Saturday, February 4, 2012

WRONG TURN 3: LEFT FOR DEAD




PHENOMENALITY: *uncanny*
MYTHICITY: *poor*
FRYEAN MYTHOS: *drama*
CAMPBELLIAN FUNCTIONS: *sociological*


The best-part of this second sequel to 2003's hick-horror flick WRONG TURN comes at the beginning.  Four teens, canoeing on whitewater in the hills, beach their canoes and make camp.  One guy and girl leave to collect firewood and/or give the other guy and girl privacy to have sex.  Just as the half-nude girl is about to commence sex with her boyfriend, she asks if the guy thinks she's a slut.  His response isn't the joke: the joke is that when she's first to be killed by the freakish hillbilly Three-Finger, the writer has invoked once again the popular "slut dies first in these movies" trope.

In the same scene, the boyfriend-- also killed a few moments later-- references DELIVERANCE with a remark about a "banjo-playing hillbilly."  Then the other guy is killed by the horrible hill-dweller, though the "good girl" Alex escapes.

As often happens when it's evident that there's no place for a sequel to go with the original elements, filmmakers will try cross-breeding with elements of other genres.  Thus Jason of the FRIDAY THE 13TH films encounters a CARRIE-like girl in one of his outings.  This time, the WRONG TURN series gets crossbred (rather fitting metaphor in this case) with a prison-break story.  In brief, the next victims Three-Finger waylays is a transport-van full of convicts.  The convicts manage to get hold of the guards' guns, kill one guard and force the other one, who knows the backwoods country, to lead them to safety.  On top of all that the convicts frequently quarrel amongst themselves.  When Alex stumbles across the group seeking refuge, she finds herself thinking Three-Finger wasn't so bad-- at least until the "mutant freak," as the film calls him, starts picking everyone off one by one, largely with the use of clever traps and arrows.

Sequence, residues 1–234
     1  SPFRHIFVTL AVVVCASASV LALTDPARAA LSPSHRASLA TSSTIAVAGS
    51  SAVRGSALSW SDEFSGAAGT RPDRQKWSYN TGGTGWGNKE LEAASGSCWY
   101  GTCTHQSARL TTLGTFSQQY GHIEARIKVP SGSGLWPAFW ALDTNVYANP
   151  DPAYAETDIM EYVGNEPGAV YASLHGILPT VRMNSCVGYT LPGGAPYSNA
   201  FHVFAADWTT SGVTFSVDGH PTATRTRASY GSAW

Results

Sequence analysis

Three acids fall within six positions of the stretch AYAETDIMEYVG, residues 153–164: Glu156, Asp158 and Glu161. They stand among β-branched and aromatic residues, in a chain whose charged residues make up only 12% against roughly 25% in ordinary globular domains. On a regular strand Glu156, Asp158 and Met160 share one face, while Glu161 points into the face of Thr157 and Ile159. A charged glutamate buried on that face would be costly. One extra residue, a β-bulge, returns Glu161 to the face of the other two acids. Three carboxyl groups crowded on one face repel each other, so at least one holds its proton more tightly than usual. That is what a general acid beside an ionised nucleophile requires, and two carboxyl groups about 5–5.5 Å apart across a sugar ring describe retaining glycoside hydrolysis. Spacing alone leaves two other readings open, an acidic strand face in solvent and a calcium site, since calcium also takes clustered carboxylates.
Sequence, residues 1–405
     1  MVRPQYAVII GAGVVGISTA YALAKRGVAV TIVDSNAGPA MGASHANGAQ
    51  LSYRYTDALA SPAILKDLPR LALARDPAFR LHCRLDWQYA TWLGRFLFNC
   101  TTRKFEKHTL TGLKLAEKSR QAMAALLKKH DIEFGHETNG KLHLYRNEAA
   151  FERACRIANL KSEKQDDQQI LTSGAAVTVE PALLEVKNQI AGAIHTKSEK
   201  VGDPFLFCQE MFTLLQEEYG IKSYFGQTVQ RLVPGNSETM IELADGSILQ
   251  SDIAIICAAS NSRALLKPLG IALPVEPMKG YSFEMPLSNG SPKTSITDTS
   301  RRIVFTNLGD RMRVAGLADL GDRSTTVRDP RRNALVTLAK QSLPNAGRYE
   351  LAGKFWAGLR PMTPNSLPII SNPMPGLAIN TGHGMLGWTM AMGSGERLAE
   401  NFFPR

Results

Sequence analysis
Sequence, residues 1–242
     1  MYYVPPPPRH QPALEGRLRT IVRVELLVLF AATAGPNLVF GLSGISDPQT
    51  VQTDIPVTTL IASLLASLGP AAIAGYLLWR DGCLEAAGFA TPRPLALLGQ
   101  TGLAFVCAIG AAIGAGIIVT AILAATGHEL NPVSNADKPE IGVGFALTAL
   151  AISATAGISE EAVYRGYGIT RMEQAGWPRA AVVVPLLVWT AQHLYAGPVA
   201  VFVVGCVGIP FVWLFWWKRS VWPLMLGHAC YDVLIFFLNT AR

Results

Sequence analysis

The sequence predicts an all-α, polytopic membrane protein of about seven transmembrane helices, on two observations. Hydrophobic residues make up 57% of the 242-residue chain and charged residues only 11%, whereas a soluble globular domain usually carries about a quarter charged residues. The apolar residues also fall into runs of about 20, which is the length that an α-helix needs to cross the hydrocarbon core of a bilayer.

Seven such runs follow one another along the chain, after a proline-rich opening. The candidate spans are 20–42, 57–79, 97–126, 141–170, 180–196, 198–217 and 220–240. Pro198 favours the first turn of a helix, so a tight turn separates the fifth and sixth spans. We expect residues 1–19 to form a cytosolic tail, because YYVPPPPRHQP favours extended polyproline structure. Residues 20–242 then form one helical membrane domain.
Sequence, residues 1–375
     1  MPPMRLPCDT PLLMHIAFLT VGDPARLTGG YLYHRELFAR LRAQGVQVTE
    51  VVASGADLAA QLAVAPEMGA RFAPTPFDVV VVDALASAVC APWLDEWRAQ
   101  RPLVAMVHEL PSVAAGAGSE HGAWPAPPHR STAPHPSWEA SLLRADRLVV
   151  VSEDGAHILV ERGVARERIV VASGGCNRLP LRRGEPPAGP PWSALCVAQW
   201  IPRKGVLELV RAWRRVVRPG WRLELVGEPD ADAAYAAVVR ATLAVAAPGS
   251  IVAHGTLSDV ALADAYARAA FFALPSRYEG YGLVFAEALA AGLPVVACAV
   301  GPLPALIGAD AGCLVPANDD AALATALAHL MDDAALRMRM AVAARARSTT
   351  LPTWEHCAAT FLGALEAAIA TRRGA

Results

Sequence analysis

The change from teen-victims to hardened criminals doesn't do anything for the level of characrerization: the victims remain just as one-dimensional as in the other films.  I'm not a huge fan of the other two entries but they did show a little more imagination in terms of portraying the monstrous villain and his family; in this one Three-Finger seems to be alone except for a son who's quickly killed by the cons-- a leftover from the last entry, perhaps?  But the filmmakers do nothing special with the main appeal of the hick-horror film: the utter strangeness of the backwoods-culture.  The most I can say is that purely in kinetic terms, the film is better directed than two previous films by Declan O'Brien, the execrable SAVAGE PLANET (2007) and MONSTER ARK (2008).

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